• Provision of appropriate treatment for known vulnerabilities that could impact you. 
  • Provision of independent evidence (for instance, by third party audit) that they are complying with contractual requirements. This won’t be relevant for every supplier and will depend on the risk presented by the contract.
  • Timely communication of any other changes in their organisation that may affect your business. Nobody likes to discover with no notice that, for example, a vital and knowledgeable resource is being reallocated and won’t be available to support you.

It is, of course, important to recognize that you are part of an ongoing supply chain and should be prepared to support your customers in the same way. Your customers will, if not already, be asking these questions of you, so it is worth having the answers prepared.

Categorising your suppliers

Not all the clauses outlined above will be relevant to all suppliers. The contractual agreements should be relevant to the supplied product or service and proportionate to the risk that each supplier presents. For example, asking low-risk suppliers to provide independent evidence via third-party audit that they are complying with your requirements would be overly stringent and impact relationships negatively.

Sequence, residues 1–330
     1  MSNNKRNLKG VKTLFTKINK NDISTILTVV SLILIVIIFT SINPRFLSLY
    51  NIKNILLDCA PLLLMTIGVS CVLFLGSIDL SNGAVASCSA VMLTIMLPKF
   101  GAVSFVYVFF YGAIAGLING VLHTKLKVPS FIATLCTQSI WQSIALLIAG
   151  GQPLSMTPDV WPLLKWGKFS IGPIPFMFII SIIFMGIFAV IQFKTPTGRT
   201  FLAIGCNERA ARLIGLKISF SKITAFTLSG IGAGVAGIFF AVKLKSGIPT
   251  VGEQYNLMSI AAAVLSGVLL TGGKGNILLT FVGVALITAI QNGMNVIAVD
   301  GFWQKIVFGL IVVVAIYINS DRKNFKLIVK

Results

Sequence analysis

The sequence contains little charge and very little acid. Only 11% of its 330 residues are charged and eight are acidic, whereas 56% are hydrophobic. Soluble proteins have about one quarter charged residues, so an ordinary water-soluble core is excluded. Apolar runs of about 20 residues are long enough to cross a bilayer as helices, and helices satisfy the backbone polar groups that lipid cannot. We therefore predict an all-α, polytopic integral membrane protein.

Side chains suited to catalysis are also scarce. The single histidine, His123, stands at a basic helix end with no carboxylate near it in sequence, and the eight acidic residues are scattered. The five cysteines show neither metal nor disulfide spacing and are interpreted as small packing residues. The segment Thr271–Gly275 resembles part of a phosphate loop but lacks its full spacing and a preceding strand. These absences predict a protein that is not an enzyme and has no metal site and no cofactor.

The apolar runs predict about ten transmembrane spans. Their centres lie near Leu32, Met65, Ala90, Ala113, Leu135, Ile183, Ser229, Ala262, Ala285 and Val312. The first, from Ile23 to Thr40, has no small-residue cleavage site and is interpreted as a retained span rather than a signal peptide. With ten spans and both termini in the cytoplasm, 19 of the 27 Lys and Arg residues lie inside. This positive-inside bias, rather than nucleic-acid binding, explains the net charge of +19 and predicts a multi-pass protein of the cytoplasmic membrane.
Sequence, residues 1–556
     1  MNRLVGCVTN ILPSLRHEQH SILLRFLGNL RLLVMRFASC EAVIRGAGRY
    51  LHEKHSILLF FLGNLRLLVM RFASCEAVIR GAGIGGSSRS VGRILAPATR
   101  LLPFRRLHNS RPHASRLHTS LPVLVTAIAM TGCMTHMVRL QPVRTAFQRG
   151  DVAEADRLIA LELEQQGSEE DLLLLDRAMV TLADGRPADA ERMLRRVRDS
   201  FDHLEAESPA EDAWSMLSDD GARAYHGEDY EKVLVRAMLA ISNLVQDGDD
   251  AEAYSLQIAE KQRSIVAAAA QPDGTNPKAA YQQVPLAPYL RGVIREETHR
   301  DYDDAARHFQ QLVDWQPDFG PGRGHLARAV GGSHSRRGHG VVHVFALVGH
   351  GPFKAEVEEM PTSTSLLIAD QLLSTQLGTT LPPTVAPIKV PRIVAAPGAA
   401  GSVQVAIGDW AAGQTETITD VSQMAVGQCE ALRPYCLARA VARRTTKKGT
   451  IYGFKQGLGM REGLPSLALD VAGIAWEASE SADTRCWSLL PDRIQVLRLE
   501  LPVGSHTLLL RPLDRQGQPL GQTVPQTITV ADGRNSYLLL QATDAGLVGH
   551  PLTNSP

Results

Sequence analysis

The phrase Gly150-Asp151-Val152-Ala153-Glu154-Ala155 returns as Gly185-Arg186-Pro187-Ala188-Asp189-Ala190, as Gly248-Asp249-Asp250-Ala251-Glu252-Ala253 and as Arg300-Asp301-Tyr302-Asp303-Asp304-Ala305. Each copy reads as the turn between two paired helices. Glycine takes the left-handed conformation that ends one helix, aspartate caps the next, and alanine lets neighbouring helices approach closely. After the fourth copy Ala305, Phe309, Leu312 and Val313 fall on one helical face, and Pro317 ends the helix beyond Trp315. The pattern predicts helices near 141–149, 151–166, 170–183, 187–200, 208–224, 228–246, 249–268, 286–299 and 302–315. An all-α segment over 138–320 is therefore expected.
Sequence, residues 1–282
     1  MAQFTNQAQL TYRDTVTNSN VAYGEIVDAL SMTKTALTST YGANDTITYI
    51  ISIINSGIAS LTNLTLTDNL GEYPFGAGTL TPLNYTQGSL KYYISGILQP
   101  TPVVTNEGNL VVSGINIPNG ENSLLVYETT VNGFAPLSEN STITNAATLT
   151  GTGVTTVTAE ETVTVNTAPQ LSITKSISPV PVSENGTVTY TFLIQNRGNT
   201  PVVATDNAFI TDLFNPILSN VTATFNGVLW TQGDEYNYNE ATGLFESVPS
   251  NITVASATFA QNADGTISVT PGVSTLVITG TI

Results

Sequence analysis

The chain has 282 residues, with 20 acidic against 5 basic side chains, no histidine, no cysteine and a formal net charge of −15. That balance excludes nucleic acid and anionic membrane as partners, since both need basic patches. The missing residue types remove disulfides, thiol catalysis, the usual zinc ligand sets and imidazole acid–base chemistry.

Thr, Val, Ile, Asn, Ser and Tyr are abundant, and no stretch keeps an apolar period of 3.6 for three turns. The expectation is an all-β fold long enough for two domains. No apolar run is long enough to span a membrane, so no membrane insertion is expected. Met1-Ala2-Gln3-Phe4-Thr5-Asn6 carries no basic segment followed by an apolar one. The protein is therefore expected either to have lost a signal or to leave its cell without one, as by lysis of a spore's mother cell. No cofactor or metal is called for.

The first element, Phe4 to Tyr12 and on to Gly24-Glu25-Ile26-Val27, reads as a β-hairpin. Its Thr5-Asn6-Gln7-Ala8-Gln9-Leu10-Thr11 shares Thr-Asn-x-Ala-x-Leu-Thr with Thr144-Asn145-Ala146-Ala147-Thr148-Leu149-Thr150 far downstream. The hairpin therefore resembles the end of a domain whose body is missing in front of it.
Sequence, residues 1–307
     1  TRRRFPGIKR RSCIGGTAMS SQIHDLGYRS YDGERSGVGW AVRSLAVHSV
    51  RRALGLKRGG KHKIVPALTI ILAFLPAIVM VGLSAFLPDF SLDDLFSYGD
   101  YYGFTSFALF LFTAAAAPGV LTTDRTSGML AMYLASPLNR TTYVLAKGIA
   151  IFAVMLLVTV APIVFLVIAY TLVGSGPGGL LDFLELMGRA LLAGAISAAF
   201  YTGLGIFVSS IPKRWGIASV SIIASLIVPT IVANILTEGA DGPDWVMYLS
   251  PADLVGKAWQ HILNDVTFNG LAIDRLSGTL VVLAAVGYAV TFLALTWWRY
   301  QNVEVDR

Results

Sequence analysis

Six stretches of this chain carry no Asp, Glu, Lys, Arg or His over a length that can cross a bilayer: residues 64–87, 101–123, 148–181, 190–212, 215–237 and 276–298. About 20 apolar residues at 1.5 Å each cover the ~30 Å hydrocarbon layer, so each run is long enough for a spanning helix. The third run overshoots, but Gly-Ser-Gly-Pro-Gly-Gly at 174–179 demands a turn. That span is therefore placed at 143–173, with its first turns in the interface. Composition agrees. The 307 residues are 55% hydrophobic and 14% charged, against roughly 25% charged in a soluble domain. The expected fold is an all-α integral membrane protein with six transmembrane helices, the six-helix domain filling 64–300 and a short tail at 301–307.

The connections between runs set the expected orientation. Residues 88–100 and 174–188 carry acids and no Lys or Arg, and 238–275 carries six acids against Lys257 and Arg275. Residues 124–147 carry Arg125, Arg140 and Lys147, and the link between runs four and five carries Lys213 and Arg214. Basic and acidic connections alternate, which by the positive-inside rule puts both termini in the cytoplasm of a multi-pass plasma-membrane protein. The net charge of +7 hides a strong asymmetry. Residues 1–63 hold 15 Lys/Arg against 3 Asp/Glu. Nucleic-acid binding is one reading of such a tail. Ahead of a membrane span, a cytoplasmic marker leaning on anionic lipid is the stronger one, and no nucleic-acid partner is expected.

Example: Use different levels of due diligence depending on your assessment


Don’t forget to include your cloud or SaaS services for consideration. These are just as important as on-premise—perhaps even more so.

Consider developing a risk profile for each supplier as part of the supplier assessment process, based on a range of things including:

  • What they are supplying and how important it is to your business.
  • Whether data is being shared and handled electronically.
  • Whether the supplier has access to your systems.
  • Whether they are supplying a product or service to support information processing and/or that could make your data available via the internet.
  • And where the supplier is based.